Rings of Impact

September 02, 2020 -- Fred Keller

With national elections right around the corner, there is growing angst about which party can deliver on the promise of a better economy for all people. Republicans are betting on the de-regulated and unfettered practice of capitalism, while Democrats are embracing more government intervention to drive a thriving economy. As if often the case in an ideological debate, the ‘right’ path is probably some combination of the two.

Although the COVID era has provided a glimpse into the fragility of our entire economic system, it has also given us a chance to see a third way – a trajectory to unleash a plethora of creative thoughts about how to adjust our social norms as businesses and governments respond to the recent “good trouble,” to borrow John Lewis’ memorable phrase, in our cities and towns.  

The opportunity is for businesses to engage in a “Race to the Top” as they re-design their practices to be attractive not only to investors, consumers, and employees, but also to the communities in which they participate. Competition in this new norm would not only be on quality and price, but on the positive impact each business makes in society.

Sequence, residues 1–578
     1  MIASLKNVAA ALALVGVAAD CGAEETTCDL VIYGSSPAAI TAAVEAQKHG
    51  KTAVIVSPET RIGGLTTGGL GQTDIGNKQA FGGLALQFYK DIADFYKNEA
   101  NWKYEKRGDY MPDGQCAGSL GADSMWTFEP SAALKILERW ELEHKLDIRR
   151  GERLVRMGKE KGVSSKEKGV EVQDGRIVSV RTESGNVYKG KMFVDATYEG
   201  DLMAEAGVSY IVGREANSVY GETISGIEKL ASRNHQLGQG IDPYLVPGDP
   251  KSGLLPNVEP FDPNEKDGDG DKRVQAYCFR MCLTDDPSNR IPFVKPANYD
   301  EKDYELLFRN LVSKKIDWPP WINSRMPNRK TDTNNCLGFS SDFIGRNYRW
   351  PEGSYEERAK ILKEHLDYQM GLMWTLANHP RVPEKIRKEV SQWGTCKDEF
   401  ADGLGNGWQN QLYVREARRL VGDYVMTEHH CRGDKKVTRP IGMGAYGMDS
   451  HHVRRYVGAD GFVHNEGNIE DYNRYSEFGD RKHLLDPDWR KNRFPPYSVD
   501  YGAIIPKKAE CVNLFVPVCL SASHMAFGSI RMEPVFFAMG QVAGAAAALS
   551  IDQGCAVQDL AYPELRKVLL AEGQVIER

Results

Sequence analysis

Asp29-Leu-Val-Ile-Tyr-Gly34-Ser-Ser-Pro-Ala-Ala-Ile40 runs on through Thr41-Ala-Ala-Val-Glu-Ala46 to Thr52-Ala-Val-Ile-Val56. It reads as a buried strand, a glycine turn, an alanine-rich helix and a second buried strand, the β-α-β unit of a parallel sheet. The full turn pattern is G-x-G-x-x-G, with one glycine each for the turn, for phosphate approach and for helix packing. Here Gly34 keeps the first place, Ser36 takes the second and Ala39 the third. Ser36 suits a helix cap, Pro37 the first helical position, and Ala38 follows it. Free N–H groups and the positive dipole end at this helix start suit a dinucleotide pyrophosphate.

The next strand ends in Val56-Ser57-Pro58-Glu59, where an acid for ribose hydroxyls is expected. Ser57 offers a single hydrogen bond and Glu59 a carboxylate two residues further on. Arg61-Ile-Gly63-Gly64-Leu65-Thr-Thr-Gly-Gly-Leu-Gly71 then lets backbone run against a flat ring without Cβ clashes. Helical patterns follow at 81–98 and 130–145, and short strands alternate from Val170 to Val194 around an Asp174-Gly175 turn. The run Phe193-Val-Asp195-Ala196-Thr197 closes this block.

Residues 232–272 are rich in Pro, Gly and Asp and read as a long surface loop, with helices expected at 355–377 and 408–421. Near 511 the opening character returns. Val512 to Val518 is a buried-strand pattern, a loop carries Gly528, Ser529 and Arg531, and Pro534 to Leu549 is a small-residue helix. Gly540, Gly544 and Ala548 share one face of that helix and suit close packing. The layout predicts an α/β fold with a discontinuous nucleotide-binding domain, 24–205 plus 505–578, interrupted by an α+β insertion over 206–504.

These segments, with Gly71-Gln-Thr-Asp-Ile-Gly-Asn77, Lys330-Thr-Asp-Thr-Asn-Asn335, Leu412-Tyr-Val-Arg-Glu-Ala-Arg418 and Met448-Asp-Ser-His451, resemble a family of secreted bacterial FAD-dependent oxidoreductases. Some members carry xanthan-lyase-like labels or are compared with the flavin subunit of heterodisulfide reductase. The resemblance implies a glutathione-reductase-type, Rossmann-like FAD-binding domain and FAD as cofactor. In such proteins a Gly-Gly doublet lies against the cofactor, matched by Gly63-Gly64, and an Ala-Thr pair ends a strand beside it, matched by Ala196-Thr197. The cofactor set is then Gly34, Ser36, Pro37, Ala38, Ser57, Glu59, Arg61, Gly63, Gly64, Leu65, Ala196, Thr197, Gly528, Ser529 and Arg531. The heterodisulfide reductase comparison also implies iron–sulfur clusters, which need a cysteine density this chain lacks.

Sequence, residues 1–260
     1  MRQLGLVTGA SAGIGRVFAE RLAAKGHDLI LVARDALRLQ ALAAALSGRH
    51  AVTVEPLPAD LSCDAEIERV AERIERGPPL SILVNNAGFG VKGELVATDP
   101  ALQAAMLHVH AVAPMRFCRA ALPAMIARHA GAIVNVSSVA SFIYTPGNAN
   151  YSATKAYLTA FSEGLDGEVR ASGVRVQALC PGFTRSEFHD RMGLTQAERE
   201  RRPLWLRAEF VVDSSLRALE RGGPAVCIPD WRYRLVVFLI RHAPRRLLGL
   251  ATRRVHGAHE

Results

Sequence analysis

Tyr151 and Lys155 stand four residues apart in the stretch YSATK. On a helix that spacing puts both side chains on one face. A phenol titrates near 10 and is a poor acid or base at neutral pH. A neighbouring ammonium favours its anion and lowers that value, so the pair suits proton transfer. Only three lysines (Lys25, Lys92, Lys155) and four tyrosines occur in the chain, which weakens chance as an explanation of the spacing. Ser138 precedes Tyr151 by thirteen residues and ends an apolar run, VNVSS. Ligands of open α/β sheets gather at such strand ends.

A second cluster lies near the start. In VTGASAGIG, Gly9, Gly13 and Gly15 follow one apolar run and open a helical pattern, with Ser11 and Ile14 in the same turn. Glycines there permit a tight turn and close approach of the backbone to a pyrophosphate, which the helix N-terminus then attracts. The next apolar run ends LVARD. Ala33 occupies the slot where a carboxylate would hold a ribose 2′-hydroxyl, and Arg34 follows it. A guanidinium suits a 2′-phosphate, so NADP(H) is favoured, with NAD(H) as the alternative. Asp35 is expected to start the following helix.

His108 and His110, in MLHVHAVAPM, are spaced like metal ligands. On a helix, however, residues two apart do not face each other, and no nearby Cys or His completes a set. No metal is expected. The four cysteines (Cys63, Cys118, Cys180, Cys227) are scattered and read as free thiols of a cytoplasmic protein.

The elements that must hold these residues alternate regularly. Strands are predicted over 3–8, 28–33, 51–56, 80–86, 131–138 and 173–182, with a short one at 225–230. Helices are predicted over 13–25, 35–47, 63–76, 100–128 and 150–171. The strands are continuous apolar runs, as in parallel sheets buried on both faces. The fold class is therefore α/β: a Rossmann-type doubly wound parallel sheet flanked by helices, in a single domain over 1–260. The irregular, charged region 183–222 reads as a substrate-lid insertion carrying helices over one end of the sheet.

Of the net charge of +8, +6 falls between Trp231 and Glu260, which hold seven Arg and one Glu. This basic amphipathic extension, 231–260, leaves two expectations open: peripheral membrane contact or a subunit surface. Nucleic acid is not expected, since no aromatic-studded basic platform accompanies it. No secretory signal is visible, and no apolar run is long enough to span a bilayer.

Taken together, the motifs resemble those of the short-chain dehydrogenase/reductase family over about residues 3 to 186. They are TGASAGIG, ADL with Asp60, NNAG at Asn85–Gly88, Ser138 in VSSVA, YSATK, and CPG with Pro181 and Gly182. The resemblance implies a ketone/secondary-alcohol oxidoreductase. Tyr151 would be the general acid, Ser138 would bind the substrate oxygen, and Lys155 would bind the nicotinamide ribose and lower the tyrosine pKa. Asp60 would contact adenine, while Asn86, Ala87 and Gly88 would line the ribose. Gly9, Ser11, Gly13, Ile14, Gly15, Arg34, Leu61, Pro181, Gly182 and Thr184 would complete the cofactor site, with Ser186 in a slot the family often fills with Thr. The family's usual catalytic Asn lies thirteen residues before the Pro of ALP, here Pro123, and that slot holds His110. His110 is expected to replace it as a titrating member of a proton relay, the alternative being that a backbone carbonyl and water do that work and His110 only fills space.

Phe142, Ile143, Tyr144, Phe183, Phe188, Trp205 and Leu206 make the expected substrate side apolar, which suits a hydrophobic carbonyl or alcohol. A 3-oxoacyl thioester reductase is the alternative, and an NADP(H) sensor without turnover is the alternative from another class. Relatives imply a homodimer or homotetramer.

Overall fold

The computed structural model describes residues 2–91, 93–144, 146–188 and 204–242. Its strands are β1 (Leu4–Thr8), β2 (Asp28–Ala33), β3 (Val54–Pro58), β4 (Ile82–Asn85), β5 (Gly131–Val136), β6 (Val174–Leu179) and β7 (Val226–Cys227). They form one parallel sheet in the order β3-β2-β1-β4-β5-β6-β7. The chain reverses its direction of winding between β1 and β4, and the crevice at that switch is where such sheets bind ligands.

For decades there has been a growing interest in ideas that have names like sustainable business, conscious capitalism, stakeholder capitalism, or benefit corporations. They all trace their roots to the UN commission chaired by former Norwegian Prime Minister Gro Brundtland that issued a seminal report in 1987. The early stages of this movement were largely driven by environmental concerns with Earth Day a direct result of this report. The movement gradually picked up steam with Paul Hawkin and Ray Anderson writing about their experiences toward the end of the 90’s. In the early 2000’s the inclusion of social issues started to gain popularity, and the birth of a measurement system by three entrepreneurs who started the B-Lab resulted in a move toward believing that profit and purpose could define a new form of capitalism. And by the second decade of the millennium, interest in changing the way America does business became more in vogue as brands like Interface Carpets, Patagonia, Ben and Jerry’s, and Whole Foods, pioneered the concept that not only could a firm be supportive of social and environmental issues, but that doing so could be a core strategy for success. While it has taken decades to get to this point, the coronavirus pandemic has presented an opportunity to accelerate this trend as it has become clear that our ‘just-in-time’ lean business model, while excellent at reducing costs, falls short when under real pressure.